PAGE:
November 2, 2017 --
Managing acute stroke is a time-sensitive affair, and one of the most common ways to diagnose it is through CT. Acquiring CT scans and having them ready for interpretation in PACS is a multistep process that can improve patient outcomes the more effectively it is performed, according to researchers from the University of Wisconsin-Madison.
"We were interested in understanding how to speed up CT imaging and image interpretation in the setting of acute stroke," Christina Brunnquell, PhD, told AuntMinnie.com. "We wanted to see if we could extract meaningful information about workflow and take action to improve efficiency."
The researchers extracted time stamps from 636 acute stroke CT exams in PACS at a single institution and sorted the data by scanner location, time of day, and technologist. The resulting information allowed them to "objectively and quantitatively measure the impact of protocol changes and workflow decisions after clinical implementation," Brunnquell said.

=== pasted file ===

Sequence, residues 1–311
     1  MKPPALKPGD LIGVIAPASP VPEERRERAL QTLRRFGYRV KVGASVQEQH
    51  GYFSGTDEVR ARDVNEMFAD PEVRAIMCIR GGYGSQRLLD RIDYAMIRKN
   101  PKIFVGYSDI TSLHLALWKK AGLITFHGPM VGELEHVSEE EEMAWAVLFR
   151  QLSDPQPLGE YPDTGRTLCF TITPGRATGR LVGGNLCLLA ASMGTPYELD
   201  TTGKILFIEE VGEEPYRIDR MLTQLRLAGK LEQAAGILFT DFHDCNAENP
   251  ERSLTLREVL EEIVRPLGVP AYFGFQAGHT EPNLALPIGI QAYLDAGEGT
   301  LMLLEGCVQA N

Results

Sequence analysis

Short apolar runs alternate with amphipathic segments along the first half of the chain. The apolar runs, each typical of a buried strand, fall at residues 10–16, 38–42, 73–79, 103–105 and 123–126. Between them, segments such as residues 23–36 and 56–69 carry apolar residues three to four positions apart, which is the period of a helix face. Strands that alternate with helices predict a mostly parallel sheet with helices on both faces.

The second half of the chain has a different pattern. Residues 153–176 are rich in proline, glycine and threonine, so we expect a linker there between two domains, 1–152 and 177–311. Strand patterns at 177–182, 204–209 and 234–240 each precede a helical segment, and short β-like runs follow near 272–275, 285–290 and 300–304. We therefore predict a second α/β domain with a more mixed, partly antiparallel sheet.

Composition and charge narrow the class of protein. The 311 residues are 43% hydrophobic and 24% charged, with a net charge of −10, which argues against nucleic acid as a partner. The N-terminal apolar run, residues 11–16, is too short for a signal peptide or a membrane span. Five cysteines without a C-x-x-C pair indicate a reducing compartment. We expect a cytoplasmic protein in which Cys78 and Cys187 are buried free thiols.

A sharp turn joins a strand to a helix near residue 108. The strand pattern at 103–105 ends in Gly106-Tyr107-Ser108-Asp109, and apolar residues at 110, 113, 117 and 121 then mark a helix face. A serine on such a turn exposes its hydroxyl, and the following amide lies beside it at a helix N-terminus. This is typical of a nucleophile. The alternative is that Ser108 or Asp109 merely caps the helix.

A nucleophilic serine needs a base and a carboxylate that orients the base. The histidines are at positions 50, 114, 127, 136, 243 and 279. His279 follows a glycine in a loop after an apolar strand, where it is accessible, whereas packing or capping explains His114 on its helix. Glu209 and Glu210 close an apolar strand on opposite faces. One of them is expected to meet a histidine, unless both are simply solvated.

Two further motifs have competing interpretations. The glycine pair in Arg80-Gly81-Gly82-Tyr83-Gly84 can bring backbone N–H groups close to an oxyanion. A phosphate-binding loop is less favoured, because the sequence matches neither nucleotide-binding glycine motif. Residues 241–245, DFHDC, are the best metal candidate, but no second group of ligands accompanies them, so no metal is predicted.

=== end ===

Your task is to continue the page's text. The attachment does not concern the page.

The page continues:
For example, they discovered that it took significantly longer (p < 0.001) for CT scans to be available for interpretation when they were performed on the backup scanner instead of the dedicated emergency department CT scanner, despite similar acquisition times. In addition, CT images were available in PACS significantly sooner (p < 0.01) during the night shift than during the day, despite longer acquisition time.
"Imaging analytics ... have great potential for providing insight into clinical workflow in an objective and quantitative way," Brunnquell said.